Monday, January 18, 2016
Indian business leaders have emerged as the most optimistic lot globally about economic recovery in 2016, largely owing to a pro-reforms government, recent policy announcements and regulatory changes, a Grant Thornton report said.
According to the Grant Thornton International Business Report (IBR), a quarterly global survey of 2,580 business leaders across 36 economies, 89 per cent of the respondents in India expressed confidence in the stable government and expect economic recovery.
The survey was conducted in the October-December quarter of 2015 and participants were asked how optimistic they are for the economy in the next 12 months, reported PTI.
India was ranked on top, with 89 per cent respondents confident of economic recovery in 2016, followed by Ireland (88 per cent) and Philippines (84 per cent).
"We have a refreshed political will, stretched but resolute businesses, a buzzing start-up space, easing foreign capital policy and some significant legislative reforms in the pipeline -- these are all positive indicators which could not have been imagined two years ago," Grant Thornton India National Managing Partner Vishesh C Chandiok said.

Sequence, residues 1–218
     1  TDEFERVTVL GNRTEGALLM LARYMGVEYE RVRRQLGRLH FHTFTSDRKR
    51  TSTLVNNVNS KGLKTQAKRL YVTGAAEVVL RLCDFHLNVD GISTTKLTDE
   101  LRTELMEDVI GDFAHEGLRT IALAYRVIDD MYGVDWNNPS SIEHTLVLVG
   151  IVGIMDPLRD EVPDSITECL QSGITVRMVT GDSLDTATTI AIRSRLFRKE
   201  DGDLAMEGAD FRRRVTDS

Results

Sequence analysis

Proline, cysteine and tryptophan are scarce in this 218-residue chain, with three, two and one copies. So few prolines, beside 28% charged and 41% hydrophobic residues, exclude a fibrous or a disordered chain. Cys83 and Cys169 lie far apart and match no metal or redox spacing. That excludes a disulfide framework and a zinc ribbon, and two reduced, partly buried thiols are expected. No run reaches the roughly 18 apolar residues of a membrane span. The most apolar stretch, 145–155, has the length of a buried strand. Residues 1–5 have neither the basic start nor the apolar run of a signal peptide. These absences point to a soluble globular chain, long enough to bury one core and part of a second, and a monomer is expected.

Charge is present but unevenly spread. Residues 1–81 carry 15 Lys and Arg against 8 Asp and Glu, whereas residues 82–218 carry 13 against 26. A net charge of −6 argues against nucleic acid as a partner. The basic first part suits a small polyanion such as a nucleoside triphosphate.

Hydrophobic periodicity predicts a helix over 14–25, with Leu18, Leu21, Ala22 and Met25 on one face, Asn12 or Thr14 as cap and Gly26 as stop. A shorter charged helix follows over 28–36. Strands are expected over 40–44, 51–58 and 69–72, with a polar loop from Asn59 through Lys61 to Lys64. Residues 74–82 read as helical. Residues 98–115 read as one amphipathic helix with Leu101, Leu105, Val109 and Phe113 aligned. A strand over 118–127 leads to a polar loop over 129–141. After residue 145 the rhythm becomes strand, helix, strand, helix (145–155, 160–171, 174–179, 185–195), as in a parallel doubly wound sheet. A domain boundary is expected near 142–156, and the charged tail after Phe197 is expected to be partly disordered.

While there is expectation of a recovery, corporate India cited regulations and red tape as constraints on growth. A total of 74 per cent of the respondents said bureaucratic hurdles are impediments in growth.
"The geopolitical tensions and the structural stress building up in the developed and emerging economies would continue to present both opportunities and inherent threats," Chandiok added.
Globally, business optimism heading into 2016 stood at net 36 per cent.
"The global economy continues to change and evolve, with shifting landscapes in major economies creating new challenges but also new opportunities.
"Those businesses with an instinct for growth will be best placed to spot these emerging pockets of opportunity, build new trade links, and make the most of the brighter outlook being reported for 2016," Grant Thornton Global CEO Ed Nusbaum said.